Over the last few weeks, Sochi has become a hotbed of dissent. Not political dissent, mind you—that’s still being suppressed with horsewhips. Rather, Sochi is full of athletes who hate their bosses. All over the Olympic Village, various competitors have voiced their displeasure with the federations that supervise their sports, blasting those bodies for mismanagement, poor financial support, and general idiocy. Which athletes are angriest, and are their complaints justified? Read on and find out!
U.S. speedskaters vs. US Speedskating: American speedskaters have had their worst Olympics ever, and their terrible performance has exposed a rift between the athletes and the federation that supports them. In a recent interview, Maria Lamb, who finished dead last in the women’s 5000 meters, ripped US Speedskating, claiming that the organization is hampered by “leadership that’s really just systematically not listened to athletes,” and has really bad taste in futuristic racing suits.
Merit score: It seems cheap for the American skaters to blame anyone but themselves for their abysmal performance in Sochi. But the fact that every single skater underachieved makes you think that the organizational chaos is real, and that it has had a real effect on how the skaters train and prepare. We’ll give the speedskaters an 8 out of 10.
“Team Outcast” vs. the Australian Olympic Committee: Australian snowboarders Jarryd Hughes, Belle Brockhoff, Scotty James, and Torah Bright think they don’t get nearly enough support from the Australian Olympic Committee. This foursome has been calling themselves “Team Outcast” as a way to protest how the AOC allegedly supports some Olympians—like snowboarder Alex “Chumpy” Pullin—while leaving others to fend for themselves. Before the games began, James said, “We’re not part of a team and we are not helped along the way in our journey to the games or any other events.” This week, Brockhoff’s father released a statement blasting the federation for its cheapness and noting “anger and disgust among the Australian snowboard cross community” at the way Team Outcast had allegedly been treated.
Merit score: Bright is a celebrity who can support herself, to be clear, but the other Australian Outcasts aren’t quite as fortunate. I’m not sure what to think here, but I will note that Alex “Chumpy” Pullin failed to medal, so if the AOC is indeed unfairly favoring some athletes over others, well, the strategy appears to be ineffective. 5 out of 10 for the Aussies.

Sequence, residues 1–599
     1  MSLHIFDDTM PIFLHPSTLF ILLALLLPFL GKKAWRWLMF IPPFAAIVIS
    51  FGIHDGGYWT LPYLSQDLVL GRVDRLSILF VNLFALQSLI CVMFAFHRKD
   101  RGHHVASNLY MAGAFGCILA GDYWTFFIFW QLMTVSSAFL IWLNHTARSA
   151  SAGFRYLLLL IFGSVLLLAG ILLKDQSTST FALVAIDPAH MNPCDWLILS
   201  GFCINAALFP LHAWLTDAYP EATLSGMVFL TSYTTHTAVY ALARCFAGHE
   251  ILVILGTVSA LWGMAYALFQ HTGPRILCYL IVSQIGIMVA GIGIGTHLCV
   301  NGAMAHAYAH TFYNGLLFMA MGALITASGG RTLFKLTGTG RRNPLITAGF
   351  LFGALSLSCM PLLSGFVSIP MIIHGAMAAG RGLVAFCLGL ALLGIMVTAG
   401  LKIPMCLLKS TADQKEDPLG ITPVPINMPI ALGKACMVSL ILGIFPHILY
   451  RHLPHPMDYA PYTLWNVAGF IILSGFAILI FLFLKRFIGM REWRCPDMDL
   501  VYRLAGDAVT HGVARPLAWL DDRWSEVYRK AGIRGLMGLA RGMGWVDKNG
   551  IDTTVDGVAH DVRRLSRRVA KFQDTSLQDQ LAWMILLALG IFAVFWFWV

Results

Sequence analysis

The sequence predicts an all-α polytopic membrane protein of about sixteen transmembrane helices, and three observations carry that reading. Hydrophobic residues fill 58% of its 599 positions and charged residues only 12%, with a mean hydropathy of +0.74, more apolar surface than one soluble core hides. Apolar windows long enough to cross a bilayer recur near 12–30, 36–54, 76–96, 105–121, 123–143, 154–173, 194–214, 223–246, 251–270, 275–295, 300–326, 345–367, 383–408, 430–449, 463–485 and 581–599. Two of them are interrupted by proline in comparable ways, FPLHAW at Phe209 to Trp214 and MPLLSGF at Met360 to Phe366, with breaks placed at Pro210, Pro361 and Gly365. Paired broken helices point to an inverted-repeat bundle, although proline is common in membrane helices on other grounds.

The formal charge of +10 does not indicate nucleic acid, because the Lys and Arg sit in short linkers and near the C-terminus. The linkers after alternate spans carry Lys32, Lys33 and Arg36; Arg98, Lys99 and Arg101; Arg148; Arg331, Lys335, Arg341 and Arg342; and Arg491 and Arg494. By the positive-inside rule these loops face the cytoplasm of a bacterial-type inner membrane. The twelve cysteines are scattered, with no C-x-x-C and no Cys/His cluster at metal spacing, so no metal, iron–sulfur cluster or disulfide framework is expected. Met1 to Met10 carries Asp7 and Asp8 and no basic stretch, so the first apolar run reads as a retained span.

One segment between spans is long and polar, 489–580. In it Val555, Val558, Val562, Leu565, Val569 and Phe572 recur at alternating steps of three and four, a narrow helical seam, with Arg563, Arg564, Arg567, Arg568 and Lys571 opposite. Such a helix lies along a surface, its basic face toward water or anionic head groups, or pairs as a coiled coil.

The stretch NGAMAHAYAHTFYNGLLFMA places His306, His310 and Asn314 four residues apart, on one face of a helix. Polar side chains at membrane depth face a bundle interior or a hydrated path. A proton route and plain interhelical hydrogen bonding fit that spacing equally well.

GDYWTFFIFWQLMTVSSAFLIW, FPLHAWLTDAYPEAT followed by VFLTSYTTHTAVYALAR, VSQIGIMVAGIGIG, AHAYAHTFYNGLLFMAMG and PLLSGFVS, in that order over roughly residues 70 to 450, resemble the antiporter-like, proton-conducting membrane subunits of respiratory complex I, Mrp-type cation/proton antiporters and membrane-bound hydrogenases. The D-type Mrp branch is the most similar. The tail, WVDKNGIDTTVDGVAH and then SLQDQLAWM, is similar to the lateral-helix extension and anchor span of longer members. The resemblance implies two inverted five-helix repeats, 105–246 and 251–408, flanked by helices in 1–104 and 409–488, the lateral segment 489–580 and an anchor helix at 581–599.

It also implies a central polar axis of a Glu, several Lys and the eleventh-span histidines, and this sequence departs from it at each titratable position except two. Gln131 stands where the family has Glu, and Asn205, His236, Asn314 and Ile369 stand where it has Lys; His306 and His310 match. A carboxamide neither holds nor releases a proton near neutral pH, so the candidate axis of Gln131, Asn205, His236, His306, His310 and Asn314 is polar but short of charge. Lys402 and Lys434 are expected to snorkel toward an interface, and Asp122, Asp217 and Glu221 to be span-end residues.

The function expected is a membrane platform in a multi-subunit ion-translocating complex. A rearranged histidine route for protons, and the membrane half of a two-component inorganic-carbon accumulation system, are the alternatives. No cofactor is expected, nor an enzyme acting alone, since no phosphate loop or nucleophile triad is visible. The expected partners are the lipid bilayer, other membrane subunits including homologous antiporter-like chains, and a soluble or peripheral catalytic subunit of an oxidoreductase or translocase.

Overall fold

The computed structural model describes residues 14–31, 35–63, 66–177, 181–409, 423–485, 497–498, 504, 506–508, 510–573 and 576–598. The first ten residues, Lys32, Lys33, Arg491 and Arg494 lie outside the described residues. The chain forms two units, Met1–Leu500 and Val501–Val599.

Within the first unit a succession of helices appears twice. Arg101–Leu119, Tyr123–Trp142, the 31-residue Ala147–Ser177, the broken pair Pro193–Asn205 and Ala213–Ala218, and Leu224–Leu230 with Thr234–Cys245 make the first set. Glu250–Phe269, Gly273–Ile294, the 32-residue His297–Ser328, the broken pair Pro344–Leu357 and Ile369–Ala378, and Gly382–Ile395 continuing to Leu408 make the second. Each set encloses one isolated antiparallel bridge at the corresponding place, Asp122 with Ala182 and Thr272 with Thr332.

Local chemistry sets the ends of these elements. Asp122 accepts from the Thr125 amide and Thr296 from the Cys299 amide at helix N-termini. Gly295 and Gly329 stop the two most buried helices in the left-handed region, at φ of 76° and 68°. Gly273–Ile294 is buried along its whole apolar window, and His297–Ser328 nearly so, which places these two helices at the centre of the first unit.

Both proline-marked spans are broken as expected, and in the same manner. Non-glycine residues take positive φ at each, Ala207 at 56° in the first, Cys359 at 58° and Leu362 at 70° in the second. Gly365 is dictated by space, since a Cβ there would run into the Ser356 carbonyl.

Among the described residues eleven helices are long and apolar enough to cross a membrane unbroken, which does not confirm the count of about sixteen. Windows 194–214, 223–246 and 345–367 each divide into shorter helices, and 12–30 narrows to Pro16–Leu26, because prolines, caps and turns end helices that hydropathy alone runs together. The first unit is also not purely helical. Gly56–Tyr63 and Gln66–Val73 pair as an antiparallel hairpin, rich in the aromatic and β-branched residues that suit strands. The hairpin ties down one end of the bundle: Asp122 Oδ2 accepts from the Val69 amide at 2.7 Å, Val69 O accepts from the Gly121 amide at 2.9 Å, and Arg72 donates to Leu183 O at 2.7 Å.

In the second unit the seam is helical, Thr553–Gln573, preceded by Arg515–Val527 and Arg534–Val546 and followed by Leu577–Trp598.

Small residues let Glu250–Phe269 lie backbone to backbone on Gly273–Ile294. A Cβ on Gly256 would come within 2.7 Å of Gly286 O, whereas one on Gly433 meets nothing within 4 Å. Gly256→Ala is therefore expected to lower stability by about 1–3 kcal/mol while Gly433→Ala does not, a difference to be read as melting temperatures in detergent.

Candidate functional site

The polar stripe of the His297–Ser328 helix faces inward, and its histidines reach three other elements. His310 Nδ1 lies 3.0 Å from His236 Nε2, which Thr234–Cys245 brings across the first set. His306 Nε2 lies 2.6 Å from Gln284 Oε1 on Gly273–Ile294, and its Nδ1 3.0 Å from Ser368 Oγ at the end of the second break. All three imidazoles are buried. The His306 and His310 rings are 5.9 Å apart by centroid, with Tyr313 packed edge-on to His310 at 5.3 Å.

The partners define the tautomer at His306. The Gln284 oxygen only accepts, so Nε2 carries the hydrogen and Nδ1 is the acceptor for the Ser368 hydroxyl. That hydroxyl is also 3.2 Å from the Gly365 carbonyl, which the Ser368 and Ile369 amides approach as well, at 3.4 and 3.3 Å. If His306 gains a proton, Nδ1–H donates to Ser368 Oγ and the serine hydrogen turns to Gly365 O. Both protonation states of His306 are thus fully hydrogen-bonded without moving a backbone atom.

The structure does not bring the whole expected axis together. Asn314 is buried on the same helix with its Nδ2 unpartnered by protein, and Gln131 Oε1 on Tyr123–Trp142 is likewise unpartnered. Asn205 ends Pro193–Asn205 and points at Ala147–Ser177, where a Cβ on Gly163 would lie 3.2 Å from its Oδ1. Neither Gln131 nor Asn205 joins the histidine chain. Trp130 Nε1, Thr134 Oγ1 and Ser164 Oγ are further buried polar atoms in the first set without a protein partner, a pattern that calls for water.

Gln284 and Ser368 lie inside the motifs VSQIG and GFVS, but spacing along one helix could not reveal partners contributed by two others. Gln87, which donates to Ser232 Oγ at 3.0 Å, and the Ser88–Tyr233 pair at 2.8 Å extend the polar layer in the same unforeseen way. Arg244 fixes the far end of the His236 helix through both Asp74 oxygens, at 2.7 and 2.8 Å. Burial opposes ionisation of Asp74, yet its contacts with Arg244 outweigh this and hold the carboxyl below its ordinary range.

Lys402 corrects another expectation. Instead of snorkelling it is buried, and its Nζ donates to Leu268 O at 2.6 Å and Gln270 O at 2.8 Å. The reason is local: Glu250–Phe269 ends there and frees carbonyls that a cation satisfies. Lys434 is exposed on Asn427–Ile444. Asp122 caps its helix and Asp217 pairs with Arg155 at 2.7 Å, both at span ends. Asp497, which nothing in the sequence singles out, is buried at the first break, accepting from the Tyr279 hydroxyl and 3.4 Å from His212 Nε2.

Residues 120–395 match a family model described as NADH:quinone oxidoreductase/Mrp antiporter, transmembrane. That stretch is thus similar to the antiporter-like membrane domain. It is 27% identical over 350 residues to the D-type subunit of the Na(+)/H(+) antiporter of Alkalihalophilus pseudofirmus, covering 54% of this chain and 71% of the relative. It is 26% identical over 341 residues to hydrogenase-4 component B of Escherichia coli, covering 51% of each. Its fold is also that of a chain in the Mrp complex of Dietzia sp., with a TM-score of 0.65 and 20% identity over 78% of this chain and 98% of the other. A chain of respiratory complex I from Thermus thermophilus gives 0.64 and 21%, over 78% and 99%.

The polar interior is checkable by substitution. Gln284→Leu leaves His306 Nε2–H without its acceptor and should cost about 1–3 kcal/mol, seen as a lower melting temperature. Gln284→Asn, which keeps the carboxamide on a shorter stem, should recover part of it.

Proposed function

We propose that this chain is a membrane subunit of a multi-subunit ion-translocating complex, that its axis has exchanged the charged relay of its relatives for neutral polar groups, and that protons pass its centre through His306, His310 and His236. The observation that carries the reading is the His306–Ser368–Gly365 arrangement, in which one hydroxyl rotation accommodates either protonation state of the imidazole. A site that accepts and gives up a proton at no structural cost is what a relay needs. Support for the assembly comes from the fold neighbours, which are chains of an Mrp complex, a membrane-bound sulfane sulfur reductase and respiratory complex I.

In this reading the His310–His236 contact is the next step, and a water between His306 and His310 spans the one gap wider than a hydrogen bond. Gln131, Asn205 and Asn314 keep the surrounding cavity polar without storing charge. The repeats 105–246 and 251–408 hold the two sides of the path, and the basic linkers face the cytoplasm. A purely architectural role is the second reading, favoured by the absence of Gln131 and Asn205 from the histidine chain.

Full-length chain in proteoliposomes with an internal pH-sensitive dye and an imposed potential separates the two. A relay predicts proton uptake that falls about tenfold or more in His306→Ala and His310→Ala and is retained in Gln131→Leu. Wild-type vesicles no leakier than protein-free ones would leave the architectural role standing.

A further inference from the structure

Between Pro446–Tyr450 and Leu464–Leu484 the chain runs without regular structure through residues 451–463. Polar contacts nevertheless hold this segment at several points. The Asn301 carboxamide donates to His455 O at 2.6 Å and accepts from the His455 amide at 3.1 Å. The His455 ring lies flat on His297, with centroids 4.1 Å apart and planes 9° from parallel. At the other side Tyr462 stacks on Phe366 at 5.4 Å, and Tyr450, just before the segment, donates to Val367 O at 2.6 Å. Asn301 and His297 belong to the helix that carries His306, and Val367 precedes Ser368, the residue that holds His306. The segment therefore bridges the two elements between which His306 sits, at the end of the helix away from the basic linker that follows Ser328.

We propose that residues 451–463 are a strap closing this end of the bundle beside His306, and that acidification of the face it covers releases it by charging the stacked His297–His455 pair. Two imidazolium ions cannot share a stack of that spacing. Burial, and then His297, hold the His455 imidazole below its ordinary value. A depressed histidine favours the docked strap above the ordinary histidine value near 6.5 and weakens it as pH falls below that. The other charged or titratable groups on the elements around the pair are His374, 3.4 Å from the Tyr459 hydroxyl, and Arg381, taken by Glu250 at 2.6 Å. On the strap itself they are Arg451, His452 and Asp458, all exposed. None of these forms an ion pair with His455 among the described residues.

U.S. bobsledders vs. the USA Bobsled and Skeleton Federation: Some American bobsledders have blasted their federation for allegedly putting marketing ahead of merit when choosing which athletes to send to Sochi. When USBSA named track star and famous person Lolo Jones to its Winter Olympic squad, some longtime bobsledders protested. This week, American bobsledder Charles Berkeley, who competed for the United States in Vancouver but did not make the squad for Sochi, fanned the flames when he told the Associated Press that “There are athletes who deserve to be there who are not there, on the women's and the men's sides. And you have to ask yourself why is that the case. What is wrong with the selection process? Why is it flawed? Why is it corrupt?”
Merit score: You can certainly empathize with athletes who become upset when they work hard, only to be passed over. But it’s not as if anyone else would have done that much better than Jones on the third-string American sled. Jones and her partner may have finished in 11th place, but they had the fifth-fastest average push times during the first two heats. (And as Slate’s Ben Blatt has established, the first two heats in bobsled are really the only heats that matter.) USBSF may have had an ulterior motive for choosing Jones, but that doesn’t mean Jones was unqualified to be there. Plus, the USA has won five combined medals in bobsled and skeleton thus far. If this federation is doing a terrible job, we should all be so terrible. 2 out of 10 for the bobsledders.
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